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Wednesday, 3 May 1961


Mr FREETH (Forrest) (Minister for the Interior) (3:31 AM) . - I am well aware that there is a system of drawing lots for the position on the Senate ballot-paper. The Senate vote is quite complicated to the man in the street. [Quorum formed.] The position on the Senate ballot-paper is determined by lot, but nobody is satisfied with that situation. At every election we hear protests that an electoral advantage by chance has been given to some candidates. There is no doubt that some advantage is given to the first group on the Senate ballot-paper. However, the ^ advantage in the final result is by no means clear. In spite of a clear advantage in the first votes, it is never quite certain what difference has been made when the preferences have been distributed. But there is dissatisfaction, and people come forward with all kinds of propositions about circular ballotpapers and devices that will remove the element of chance.

The clear implication that emerges from the remarks of honorable members does not seem to be much commendation for members of the House of Representatives or the intelligence of the people of Australia. The system of voting for the House of Representatives is far simpler than that for the Senate. There are fewer candidates, the candidates represent particular divisions that are smaller in area than a State and they are known or have a greater opportunity to be known to individual electors than have candidates for the Senate. The vote for the Senate is. a very wide impersonal vote. It does not pay a compliment to our conception of democracy when the whole argument tends to suggest that a government exists simply because of the wise choice by candidates, of their parents. On the basis of this argument, the Opposition wants a government that happens to be determined by lot. Nobody suggests that that is the kind of result that is in fact achieved, but what honorable members propose is to encourage in the electorate the idea that if a party happens to be lucky enough to get a good draw, the chances of a change of government are thereby improved.

Although there have been a considerable number of statistics quoted about this alleged advantage of position on the ballotpaper, a large proportion of the statistics dealt with people who in fact were not elected to the Parliament.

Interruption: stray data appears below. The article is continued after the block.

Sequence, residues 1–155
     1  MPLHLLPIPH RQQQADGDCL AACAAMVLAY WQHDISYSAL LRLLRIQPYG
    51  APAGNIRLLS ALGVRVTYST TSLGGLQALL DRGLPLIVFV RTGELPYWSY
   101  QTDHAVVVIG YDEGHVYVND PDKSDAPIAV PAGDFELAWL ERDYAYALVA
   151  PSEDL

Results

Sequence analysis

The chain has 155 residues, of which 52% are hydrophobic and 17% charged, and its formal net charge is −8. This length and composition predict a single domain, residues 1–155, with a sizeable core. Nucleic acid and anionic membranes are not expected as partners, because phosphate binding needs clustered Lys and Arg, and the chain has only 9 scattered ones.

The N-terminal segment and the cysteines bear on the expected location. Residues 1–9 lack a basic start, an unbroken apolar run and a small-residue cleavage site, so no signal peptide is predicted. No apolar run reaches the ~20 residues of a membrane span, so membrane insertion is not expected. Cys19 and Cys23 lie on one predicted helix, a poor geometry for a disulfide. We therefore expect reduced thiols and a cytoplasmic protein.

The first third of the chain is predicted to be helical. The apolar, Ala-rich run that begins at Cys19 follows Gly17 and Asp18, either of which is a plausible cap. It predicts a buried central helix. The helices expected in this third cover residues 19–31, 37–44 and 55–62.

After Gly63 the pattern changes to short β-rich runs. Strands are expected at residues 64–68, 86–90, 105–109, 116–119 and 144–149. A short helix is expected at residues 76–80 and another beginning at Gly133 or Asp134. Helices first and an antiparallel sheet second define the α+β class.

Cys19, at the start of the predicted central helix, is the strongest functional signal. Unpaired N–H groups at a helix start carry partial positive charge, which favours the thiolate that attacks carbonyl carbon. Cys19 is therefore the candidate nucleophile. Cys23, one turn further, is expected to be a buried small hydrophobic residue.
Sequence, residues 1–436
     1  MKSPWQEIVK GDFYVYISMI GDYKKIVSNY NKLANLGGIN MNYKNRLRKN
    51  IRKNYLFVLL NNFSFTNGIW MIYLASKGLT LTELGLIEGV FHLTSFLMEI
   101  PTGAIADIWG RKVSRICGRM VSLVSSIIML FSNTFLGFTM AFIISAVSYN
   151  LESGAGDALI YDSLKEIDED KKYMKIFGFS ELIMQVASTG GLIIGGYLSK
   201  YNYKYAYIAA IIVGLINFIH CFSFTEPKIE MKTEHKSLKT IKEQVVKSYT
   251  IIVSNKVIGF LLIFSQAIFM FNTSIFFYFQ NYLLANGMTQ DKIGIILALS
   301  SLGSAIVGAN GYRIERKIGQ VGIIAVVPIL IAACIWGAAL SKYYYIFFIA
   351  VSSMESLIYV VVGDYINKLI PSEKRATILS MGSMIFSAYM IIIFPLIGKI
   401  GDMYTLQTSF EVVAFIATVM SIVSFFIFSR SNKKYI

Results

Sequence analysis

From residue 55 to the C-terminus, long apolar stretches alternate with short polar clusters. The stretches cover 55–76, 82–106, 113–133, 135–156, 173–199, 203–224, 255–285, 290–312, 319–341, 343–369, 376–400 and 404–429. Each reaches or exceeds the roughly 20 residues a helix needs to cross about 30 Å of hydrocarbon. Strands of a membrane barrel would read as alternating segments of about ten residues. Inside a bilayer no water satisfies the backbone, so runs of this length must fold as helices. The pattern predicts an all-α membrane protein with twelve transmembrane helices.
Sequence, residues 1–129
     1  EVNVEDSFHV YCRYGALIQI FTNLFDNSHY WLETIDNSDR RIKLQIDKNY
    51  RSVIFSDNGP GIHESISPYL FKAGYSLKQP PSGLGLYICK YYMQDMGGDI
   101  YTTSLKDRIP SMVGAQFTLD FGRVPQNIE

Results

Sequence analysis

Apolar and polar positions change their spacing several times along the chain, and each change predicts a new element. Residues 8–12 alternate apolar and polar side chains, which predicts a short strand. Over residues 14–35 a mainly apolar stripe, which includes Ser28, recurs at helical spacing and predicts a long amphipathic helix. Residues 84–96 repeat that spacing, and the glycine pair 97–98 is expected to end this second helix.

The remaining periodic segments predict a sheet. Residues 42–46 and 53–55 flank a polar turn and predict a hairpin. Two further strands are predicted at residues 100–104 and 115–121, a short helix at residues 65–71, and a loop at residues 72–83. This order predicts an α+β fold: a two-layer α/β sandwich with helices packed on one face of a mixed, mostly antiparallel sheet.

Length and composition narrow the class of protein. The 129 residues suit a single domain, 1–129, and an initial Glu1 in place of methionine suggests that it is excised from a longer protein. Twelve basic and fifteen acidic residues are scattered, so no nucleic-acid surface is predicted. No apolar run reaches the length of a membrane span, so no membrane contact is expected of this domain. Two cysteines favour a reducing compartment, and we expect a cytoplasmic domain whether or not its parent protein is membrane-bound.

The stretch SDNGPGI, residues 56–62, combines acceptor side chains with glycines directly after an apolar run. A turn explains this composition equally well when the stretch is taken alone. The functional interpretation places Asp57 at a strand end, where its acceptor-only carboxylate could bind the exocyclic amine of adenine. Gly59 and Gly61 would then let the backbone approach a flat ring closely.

Mr Cope - That is completely irrelevant.


Mr FREETH - You may say it is completely irrelevant. I say that a lot of the statistics you quoted were completely irrelevant. If we look at the people who in fact did get into Parliament, we will find that there is nothing to show that a great advantage was conferred by a position on the ballot-paper. Let us look at some of the figures. Honorable members opposite who are now interjecting quoted quite a lot of figures. I did not argue with the figures they quoted.


Mr Daly - There is no argument against them.


Mr FREETH - May I quote some figures which show a contrary view? Have you any objection to hearing other figures?


Mr Daly - No.


Mr FREETH - Then why don't you listen to them?

The CHAIRMAN (Mr. Lucock).Order! I think this evening there have been sufficient interjections from both sides of the committee. I remind honorable members that interjections are disorderly and if they continue, the Chair will take action.


Mr FREETH - At the last general election, of the 122 members elected to the House of Representatives, 41 had first position on the ballot-paper and 40 had second position. That seems to establish that there is not a very great divergence between first and second positions. In electorates where there were four candidates, nine of those elected had first position and nine had fourth position. So there does not seem to be any great advantage there. If honorable members do not like that kind of approach, let us look at the opposite view. In New South Wales, eighteen of the candidates who lost their deposits had first position, but only twelve had second position. These figures are quite factual; they are just as factual as are the statistics quoted by honorable members opposite.

The voting public of Australia is used to this system. No case has been made out by honorable members opposite for changing it. They in fact lose sight of the objective of the voting system that we have, and that is that the people should record an intelligent and informed vote. Honorable members should not seek to foster the view that the result of any election depends on chance or some stroke of good fortune. As far as possible, we want every person to inform himself of the candidates, their qualifications and their party, and then to vote. intelligently. That is the objective which should be sought. Honorable members dc not do themselves much credit when they suggest that their presence in this chamber is due only to some kind of accident.







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